Stacey Page

Stacey Page

Higher Degree by Research Candidate

School of Psychology

Faculty of Health and Medical Sciences


​​​​​​Stacey Mary Page is currently completing a PhD in Medicine in the area of Psychology at The University of Adelaide School of Psychology. Stacey is continuing research she conducted for her Honours Thesis for Bachelor of Psychological Science(Hons), with her supervisors Professor Anna Chur-Hansen and Professor Paul Delfabbro. Her Thesis titled 'Hairdressers as a Source of Social Support' (2019) looked at hairdressers as informal caregivers to their clientele; based on the theory of social support and psychological buffering. This research used a qualitative interview approach to gain insight into what topics clients tell their hairdresser, how hairdressers respond to client disclosures and how hairdressers feel about being social supports for clients. Stacey's PhD research follows from these findings, taking a mixed method approach to explore hairdressers, barbers and client perspectives on social support; including benefits to clientele and risks such as emotional burnout and compassion fatigue experienced by informal caregivers. Stacey is also a qualified hairdresser and make-up artist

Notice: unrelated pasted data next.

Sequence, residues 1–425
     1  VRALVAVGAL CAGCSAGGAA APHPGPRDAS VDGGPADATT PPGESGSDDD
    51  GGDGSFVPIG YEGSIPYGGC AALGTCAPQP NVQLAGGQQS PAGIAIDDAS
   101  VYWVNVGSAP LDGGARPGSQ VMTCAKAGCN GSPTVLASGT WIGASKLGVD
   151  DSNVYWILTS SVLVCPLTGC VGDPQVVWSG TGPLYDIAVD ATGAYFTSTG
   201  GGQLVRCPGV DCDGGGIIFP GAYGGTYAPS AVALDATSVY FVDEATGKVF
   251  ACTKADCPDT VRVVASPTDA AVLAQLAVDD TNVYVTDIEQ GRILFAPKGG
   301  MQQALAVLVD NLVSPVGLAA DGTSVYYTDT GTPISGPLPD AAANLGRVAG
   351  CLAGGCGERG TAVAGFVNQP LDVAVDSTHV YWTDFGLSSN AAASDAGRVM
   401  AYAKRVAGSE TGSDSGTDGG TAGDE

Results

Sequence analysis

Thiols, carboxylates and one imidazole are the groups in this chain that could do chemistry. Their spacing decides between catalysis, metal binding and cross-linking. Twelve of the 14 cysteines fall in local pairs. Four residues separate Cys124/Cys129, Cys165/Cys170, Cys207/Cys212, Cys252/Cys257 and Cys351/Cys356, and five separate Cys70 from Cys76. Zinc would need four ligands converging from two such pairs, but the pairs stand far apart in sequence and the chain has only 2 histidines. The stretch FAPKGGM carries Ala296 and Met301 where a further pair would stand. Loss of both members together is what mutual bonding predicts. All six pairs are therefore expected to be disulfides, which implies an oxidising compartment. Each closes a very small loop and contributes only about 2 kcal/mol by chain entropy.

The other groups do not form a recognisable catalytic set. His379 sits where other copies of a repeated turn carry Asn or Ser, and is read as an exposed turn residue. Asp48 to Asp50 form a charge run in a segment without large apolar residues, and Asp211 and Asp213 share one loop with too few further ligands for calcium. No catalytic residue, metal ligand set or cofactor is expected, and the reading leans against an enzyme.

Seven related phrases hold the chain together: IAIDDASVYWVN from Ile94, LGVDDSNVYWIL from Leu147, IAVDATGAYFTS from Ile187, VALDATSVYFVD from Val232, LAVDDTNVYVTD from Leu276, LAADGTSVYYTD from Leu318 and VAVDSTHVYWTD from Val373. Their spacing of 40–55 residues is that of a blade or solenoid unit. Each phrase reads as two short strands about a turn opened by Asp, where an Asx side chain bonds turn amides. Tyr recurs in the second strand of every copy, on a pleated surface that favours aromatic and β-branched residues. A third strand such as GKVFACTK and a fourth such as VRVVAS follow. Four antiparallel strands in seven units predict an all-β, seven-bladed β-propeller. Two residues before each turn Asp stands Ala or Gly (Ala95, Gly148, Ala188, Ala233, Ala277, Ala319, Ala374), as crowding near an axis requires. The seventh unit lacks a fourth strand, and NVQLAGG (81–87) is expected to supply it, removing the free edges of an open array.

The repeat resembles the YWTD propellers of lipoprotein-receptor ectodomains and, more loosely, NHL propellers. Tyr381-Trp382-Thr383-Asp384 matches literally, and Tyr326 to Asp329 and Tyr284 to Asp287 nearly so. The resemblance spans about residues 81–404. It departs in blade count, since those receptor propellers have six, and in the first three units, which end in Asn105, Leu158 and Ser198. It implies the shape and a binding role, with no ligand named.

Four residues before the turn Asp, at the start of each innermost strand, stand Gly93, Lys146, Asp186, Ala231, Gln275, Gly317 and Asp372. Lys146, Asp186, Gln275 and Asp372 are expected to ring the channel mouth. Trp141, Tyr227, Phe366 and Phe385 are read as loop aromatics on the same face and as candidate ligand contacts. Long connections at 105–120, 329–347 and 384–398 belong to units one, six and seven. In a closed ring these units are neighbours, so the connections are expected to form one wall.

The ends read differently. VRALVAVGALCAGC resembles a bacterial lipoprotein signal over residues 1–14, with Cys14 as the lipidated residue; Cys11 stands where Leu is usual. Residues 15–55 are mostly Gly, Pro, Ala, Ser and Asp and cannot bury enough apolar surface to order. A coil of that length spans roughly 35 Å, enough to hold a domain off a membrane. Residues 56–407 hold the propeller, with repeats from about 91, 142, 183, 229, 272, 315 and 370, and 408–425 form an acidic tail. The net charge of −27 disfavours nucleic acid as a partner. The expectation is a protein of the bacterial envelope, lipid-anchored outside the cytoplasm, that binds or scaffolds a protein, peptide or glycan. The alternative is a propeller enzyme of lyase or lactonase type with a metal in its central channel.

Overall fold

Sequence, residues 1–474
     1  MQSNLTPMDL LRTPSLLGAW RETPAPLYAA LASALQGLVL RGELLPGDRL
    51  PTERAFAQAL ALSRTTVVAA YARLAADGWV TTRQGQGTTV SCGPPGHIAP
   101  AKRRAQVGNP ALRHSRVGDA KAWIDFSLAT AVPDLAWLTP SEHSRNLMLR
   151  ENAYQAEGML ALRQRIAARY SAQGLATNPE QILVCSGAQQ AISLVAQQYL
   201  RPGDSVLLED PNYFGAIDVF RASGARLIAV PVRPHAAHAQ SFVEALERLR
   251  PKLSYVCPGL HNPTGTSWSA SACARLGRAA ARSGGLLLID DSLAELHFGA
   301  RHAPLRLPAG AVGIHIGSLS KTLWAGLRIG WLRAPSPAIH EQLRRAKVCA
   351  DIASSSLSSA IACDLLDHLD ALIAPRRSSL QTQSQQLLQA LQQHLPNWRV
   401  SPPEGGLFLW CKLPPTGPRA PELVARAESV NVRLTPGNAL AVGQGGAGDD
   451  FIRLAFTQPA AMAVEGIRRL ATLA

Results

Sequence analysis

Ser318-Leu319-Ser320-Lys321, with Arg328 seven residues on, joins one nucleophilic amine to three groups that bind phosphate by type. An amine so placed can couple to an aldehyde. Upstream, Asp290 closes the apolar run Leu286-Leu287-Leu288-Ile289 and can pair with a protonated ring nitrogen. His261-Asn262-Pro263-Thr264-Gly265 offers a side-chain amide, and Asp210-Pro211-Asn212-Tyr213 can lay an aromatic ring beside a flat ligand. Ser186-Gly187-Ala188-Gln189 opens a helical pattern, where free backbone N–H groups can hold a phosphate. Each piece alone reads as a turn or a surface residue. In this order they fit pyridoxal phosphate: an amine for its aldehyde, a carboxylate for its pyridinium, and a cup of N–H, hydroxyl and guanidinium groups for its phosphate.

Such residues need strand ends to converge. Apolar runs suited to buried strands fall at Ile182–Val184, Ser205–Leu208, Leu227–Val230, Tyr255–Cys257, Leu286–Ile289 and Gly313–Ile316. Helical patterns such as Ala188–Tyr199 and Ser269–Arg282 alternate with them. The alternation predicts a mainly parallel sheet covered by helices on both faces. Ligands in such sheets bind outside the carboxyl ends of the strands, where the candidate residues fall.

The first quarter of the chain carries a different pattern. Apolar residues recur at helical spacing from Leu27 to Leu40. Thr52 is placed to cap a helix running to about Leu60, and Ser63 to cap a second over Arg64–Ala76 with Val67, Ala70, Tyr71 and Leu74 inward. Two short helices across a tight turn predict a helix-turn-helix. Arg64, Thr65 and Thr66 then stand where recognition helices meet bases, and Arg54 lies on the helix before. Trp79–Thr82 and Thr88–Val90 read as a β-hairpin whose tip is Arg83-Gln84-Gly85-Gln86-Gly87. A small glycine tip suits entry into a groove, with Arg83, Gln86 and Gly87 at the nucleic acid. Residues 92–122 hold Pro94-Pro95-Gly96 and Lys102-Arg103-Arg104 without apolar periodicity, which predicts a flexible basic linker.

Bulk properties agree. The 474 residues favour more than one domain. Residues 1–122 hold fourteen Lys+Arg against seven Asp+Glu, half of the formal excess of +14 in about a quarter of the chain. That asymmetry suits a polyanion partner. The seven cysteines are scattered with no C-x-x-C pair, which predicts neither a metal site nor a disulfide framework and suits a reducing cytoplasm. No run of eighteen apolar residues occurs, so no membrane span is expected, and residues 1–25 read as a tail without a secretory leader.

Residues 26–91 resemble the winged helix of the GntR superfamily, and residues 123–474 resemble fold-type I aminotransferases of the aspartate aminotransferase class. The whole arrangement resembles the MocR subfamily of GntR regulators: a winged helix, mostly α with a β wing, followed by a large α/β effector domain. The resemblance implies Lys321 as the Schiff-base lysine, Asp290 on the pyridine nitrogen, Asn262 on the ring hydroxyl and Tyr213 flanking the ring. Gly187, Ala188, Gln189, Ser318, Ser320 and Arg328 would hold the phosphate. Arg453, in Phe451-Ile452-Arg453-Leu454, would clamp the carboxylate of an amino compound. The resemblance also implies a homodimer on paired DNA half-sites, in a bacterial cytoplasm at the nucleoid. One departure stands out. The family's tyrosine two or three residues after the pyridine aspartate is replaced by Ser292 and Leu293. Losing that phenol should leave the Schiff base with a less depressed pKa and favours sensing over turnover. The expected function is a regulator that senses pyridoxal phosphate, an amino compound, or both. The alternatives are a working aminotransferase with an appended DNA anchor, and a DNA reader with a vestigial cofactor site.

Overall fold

​​​​​​Stacey Mary Page is currently completing a PhD in Medicine in the area of Psychology at The University of Adelaide School of Psychology. Stacey is continuing research she conducted for her Honours Thesis for Bachelor of Psychological Science(Hons), with her supervisors Professor Anna Chur-Hansen and Professor Paul Delfabbro. Her Thesis titled 'Hairdressers as a Source of Social Support' (2019) looked at hairdressers as informal caregivers to their clientele; based on the theory of social support and psychological buffering. This research used a qualitative interview approach to gain insight into what topics clients tell their hairdresser, how hairdressers respond to client disclosures and how hairdressers feel about being social supports for clients. Stacey's PhD research follows from these findings, taking a mixed method approach to explore hairdressers, barbers and client perspectives on social support; including benefits to clientele and risks such as emotional burnout and compassion fatigue experienced by informal caregivers. Stacey is also a qualified hairdresser and make-up artist.

 


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